For his live lecture world tour "Horizons", professor Brian Cox and director Nic Stacey asked me to come up with and produce a couple of visuals for the end of the 5-minute video sequence that opens the show.
The sequence is a stunning journey through the 13,8 billion year history of the universe up until present days, played to the finale of Jean Sibelius’ fifth symphony. At the very end of the sequence Brian and Nic wanted to show a few short glimpses into a possible future of humanity, of where we could go and what could become.
It was those visions of the future that I was asked to create.
In the live show, immense LED screens are used to display the visuals on stage, but here I present them in half of their full resolution - which is more than sufficient for most home screens and computer monitors. If you want to see them in their full resolution, I’d recommend trying to go and see the show.
For the production of these visuals, I took help from my fellow CG artist Andreas Wicklund and painter/photographer Greg Martin.
O'Neill Cylinder Interior
Just before I started working on this project, I had made the opening sequence for a documentary feature about the physicist Gerard K. O’Neill. For that sequence I made a shot depicting one of O’Neill’s more famous ideas; an O’Neill cylinder, which is a space habitat in the form of a giant cylindrical structure, rotating along its long axis to generate artificial gravity along the inside “walls”.
I didn’t spend very much time on the interior in that sequence and was curious to explore that kind of environment further, so I suggested it as an idea to Brian and Nic and they were both happy to include it here.
Whether they ever will become a reality or not, I find O’Neill cylinders and similar concepts to be massively fascinating environments and I had a great time building this shot.
Alien Meadow
This, I guess, is the most speculative and fantastical scene in this series of shots - and serves as the ending of the sequence I made. It does not depict any known place, object or phenomenon and is meant to serve as a view from somewhere very far away in both time and space.
An alien world. Someone is there. It could be us. It could be far descendants of us. Or something else entirely.
I wanted to show familiar signs of both primitive and intelligent life - in the forms of vegetation and the outlines of buildings and technological structures - and mix that with unfamiliar colors for the plants and the sky.
Arrival at Alpha Centauri
In the original “Cosmos” TV series, the astrophysicist Carl Sagan summed the prospects for our future as simple as this: “The sky calls to us. If we do not destroy ourselves, we will one day venture to the stars”. This shot depicts our first arrival at a star system other than our own, our first step into becoming an interstellar civilization.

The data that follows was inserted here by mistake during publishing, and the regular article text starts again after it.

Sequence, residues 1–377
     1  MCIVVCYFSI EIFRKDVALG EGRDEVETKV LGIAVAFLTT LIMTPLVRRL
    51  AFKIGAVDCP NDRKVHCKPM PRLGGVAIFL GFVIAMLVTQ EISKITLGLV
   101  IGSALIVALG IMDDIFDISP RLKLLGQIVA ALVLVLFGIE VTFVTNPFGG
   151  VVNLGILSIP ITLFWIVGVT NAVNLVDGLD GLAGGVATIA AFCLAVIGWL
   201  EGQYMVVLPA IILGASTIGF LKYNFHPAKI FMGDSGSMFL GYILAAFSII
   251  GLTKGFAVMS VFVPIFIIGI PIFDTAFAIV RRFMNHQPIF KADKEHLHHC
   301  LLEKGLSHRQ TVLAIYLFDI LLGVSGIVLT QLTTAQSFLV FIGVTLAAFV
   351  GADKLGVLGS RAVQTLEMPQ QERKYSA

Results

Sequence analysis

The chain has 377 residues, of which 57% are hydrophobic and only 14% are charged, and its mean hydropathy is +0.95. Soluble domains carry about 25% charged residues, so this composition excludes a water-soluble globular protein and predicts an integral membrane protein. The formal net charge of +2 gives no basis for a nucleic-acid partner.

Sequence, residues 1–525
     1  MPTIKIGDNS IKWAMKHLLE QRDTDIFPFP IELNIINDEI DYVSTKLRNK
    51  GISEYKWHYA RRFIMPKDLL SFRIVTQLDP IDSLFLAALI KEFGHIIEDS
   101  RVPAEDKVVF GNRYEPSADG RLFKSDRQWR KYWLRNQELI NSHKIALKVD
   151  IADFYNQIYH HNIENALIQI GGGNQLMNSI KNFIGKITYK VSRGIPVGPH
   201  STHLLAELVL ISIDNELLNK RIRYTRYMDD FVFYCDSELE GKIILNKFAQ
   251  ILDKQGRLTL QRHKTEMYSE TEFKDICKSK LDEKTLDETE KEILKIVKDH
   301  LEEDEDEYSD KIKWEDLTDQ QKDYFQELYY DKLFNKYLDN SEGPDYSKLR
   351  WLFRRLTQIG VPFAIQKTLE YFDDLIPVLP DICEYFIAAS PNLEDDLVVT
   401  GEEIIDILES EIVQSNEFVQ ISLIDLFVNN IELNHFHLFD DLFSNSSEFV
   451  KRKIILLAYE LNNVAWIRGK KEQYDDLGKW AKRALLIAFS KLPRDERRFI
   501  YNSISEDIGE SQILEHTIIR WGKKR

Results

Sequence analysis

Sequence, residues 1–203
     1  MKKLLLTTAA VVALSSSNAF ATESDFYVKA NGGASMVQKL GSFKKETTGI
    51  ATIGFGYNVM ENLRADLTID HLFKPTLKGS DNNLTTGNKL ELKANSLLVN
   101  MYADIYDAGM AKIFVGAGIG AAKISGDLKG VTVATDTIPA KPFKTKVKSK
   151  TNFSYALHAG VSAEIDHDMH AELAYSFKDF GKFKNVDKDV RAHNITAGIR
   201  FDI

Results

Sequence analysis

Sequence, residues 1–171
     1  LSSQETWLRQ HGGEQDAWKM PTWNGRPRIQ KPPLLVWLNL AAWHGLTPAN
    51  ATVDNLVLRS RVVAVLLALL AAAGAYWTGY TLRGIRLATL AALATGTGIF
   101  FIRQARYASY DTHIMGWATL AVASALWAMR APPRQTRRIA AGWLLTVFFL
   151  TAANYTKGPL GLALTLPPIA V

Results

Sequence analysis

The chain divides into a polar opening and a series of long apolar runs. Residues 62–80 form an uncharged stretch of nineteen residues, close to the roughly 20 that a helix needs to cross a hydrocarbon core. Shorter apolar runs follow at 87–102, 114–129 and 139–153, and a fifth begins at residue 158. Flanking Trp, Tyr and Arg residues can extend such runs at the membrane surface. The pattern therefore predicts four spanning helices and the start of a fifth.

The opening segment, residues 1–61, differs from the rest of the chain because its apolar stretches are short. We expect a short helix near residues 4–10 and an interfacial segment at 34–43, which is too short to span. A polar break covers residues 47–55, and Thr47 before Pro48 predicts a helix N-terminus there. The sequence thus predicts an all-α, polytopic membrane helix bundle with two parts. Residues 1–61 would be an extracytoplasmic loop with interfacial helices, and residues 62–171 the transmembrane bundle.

The Alpha Centauri system is the closest system to ours at about 4.37 light- years from the sun. The system is a triple star system, consisting of two sun like stars and one smaller red dwarf star. There are known planets in the habitable zones of two of the stars in the system.
Viewed from Earth, to the naked eye, the system only appears as one star, but upon arrival, it may appear something like this.
The shot was set up, rendered and composited by Andreas Wicklund.
Dyson Swarm Around Black Hole
In the 1960´s, the physicist and mathematician Freeman Dyson popularized a conceptual idea of harvesting the maximum amount of energy emission from a star by building a giant structure encompassing the star entirely. This concept became known as a “Dyson Sphere” and is regarded as a probable - perhaps even essential - step in the technological development of a civilization for reaching an interstellar presence.
There are several variations to the Dyson Sphere concept, one of them known as a “Dyson Swarm”. This is a less dense structure, consisting of a large number of independent pieces in orbit, rather than an all- encompassing sphere.
We thought it would be cool to visualize something like this, and in order to give a hint of an incredibly advanced civilization to do it around a black hole instead of a star.
The shot was set up, rendered and composited by Andreas Wicklund.
Ringshine Wide - Remake
As some may notice, this shot is a remake of a shot from my previous short film “Wanderers”, an astronaut looking out over the clouds of Saturn at night, lit by sunlight reflected off the magnificent swaths of the rings in the sky - the ringshine.
Brian and Nic first asked if they could use the original shot, but as there was no way possible to scale that up to the required resolution we decided to remake it.
This gave me a chance to update the Saturnian cloudscape, which I was never fully happy with in the original shot. While the clouds did look nice enough, they didn’t have that long smeary curved shapes I’d expect on a gas giant.
I got help from the painter and photographer Greg Martin. He had worked with me before on my film about Cassini’s Grand Finale and before that done some fantastic paintings of jovian cloudscapes. Greg created a gorgeous matte painting which I could use as a new background for the shot.
Ringshine Smile - Remake
Just as with the shot above, this too is a remake from a shot from my short film “Wanderers”, showing the face of the astronaut from that previous shot, with Saturns rings reflected in her visor.
Brian and Nic were keen to use this emerging smile behind the mask - which is by the way performed (excellently!) by my wife - and luckily I was able to scale the original footage up to use in this new enormous frame.
I also took the chance to add a tube to the mask. This is a small detail, but it always bothered me that I didn’t do this originally, as the prop we used is quite recognizable and there was no obvious way of how she was supplied with breathable air.
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